I've got at least a year to stew on this game idea because my next plans are finish evil mode/difficulty/idk what to call it, port to Steam, maybe assess the viability and do a mobile port. After that I can try out this idea while keeping up some token updates to NGU.

And yeah, those were the same parts I disliked about reactor idle, that you had pretty much one path to how you upgraded the reactor's capabilities, and one optimal layout. For this game I'd want to have a huge selection of materials you can make at varying degrees of difficulty and cost, all which have intertwining upgrades associated with costs of x or y materials, something so sprawling and complex that it's difficult to objectively say what is best, but at the same time it's very easy to a) have a target item in mind to make and b) easy to set up an optimal or near-optimal system for creating such an item.

Dr. Arbitrary
Mar 15, 2006



Bleak Gremlin

Just throwing ideas out here:

Suppose you have an iron factory with inputs of coal and ore, coming in from one of the cardinal directions and iron (and possibly waste products) leaving through another direction.

The grid for building starts at 4x4, with the smelter being 2x2. Not much room to work. Maybe you could fit two smelters in with clever arrangement, but otherwise you'll have free space.

Those free spaces can hold desks for people of multiple kinds that produce lateral resources. Like maybe one will generate research based on the items in the factory, so even though you only have one furnace, there's a guy in there who gives you furnace research points.

Maybe every part used in a factory just innately generates xp for it's type, and empty space generates a different type of currency. So yeah, you can optimize things to use only 4 conveyors when a naive design would use 8, but then you've halved your conveyor xp.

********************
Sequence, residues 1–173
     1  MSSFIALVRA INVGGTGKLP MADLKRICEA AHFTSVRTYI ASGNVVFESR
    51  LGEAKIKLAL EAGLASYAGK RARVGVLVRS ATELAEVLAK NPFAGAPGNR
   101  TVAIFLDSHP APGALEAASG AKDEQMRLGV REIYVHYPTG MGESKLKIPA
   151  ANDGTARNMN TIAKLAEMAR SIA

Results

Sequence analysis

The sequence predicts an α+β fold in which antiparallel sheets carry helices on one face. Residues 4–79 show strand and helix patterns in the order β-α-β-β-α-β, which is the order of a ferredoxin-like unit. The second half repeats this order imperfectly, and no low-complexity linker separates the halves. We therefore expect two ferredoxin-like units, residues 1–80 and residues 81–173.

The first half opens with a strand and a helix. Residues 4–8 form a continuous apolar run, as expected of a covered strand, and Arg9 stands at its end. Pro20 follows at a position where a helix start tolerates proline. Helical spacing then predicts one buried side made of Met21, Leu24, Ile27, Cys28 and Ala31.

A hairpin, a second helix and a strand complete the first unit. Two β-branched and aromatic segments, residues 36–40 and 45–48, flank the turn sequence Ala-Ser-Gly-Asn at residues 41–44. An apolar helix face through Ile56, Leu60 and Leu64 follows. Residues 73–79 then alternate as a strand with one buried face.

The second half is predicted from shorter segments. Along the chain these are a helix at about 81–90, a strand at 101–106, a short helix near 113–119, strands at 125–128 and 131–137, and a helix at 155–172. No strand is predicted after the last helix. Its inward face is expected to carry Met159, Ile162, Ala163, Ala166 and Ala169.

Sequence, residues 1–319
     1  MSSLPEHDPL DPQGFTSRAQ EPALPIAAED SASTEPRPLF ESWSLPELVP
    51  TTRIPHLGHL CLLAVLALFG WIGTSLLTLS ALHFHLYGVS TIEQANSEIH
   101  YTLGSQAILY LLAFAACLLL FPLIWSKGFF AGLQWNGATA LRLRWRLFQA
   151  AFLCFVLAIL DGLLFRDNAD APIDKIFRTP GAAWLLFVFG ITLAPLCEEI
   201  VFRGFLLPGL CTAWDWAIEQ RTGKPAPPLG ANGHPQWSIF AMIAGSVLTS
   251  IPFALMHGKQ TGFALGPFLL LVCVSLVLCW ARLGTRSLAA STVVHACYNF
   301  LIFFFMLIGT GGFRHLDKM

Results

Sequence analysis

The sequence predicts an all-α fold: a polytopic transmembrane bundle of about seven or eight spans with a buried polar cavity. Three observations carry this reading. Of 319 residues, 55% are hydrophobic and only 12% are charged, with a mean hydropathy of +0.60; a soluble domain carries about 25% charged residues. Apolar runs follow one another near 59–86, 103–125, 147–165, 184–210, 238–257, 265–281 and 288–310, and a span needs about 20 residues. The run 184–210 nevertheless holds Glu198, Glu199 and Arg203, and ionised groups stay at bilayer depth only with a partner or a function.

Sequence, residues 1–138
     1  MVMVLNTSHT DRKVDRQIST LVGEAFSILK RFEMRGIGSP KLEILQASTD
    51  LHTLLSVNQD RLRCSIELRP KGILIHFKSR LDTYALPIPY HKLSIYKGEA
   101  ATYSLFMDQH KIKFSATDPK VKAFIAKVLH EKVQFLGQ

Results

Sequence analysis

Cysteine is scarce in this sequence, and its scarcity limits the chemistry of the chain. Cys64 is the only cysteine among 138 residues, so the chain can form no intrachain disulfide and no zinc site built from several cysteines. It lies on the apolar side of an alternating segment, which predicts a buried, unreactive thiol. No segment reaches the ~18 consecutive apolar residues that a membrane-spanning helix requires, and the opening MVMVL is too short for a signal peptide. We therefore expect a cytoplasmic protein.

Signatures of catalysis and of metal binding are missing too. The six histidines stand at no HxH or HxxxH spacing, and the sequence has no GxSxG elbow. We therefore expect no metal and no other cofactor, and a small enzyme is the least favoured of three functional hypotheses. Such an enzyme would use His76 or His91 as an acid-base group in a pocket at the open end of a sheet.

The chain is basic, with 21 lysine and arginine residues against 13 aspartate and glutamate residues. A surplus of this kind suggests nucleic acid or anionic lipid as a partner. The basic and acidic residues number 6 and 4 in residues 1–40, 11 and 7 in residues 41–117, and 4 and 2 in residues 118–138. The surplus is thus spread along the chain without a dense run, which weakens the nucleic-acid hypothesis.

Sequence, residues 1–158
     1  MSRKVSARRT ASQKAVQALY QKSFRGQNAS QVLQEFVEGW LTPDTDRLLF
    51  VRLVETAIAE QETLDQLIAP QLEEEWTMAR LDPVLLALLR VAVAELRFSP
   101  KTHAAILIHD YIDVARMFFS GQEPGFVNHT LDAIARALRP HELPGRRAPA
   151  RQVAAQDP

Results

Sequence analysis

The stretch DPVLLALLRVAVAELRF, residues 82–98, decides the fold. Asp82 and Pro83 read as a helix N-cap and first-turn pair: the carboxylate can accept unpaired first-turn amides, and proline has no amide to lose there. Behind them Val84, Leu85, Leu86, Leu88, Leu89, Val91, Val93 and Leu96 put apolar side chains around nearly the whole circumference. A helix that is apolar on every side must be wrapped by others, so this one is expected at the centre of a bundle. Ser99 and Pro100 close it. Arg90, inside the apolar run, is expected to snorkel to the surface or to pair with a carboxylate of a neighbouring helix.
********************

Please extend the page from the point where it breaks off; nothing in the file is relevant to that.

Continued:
Maybe the xp curve is a square root, so oddball factories with lots of weird parts will be a great way to make progress on multiple fronts, whereas a very streamlined design will earn less total, but focused on the most important parts.

Do you have the tools to measure what players are doing in game, like in NGU do you know the median values for energy power by time played? If you can gather that, you can find a range for how people are designing things and make sure there's not too wide a gap between optimal and typical.

Spazzle
Jul 5, 2003




Nap Ghost

I haven't played in like a decade, so it might be different now, but there were a lot of ways in which Eve Online was an idle game. When you look at the the way that training interacted with ships and the game itself, and how it had the possibilities of running tasks for days or months there is a lot of the same game DNA there. It didn't have the same kind of orders of magnitude jumps that a lot of idle games do, but I wonder if that is played out anyways.

For something like a factory simulator, you could have a combination of skills, stats, random components with their own stats, and limited placement of those components in a facility to produce something, or have some kind of effect.

Devor
Nov 30, 2004
Lurking more.

Spazzle posted:

I haven't played in like a decade, so it might be different now, but there were a lot of ways in which Eve Online was an idle game. When you look at the the way that training interacted with ships and the game itself, and how it had the possibilities of running tasks for days or months there is a lot of the same game DNA there. It didn't have the same kind of orders of magnitude jumps that a lot of idle games do, but I wonder if that is played out anyways.

For something like a factory simulator, you could have a combination of skills, stats, random components with their own stats, and limited placement of those components in a facility to produce something, or have some kind of effect.

In the EVE vein, and also with the person who mentioned people sitting at desks - I liked how Master of Orion 2 did the Hero/Overseers - you could find/hire a guy who had bonuses, say +food and +ind, or +research and +morale, and you'd assign him to an entire system with multiple planets - and maybe the system had a mix of planets good for industry and food. But since you had a guy who really helped industry, then it made sense to focus all the planets in that system on industry even if there were some nominally good farming worlds.

When somethingggg was spoiling Diggers early on, I thought they were going to be more like that - random mixes of abilities, choose which ones to develop. Kind of like Mercenaries from Clicker Heroes.

Adbot
ADBOT LOVES YOU

Dr. Arbitrary
Mar 15, 2006



Bleak Gremlin

I really like the idea of a logistics game that starts at a very micro scale, like setting up a single production line and eventually ends up with setting up interplanetary networks.

  • 1
  • 2
  • 3
  • 4
  • 5
  • Post
  • Reply
«232 »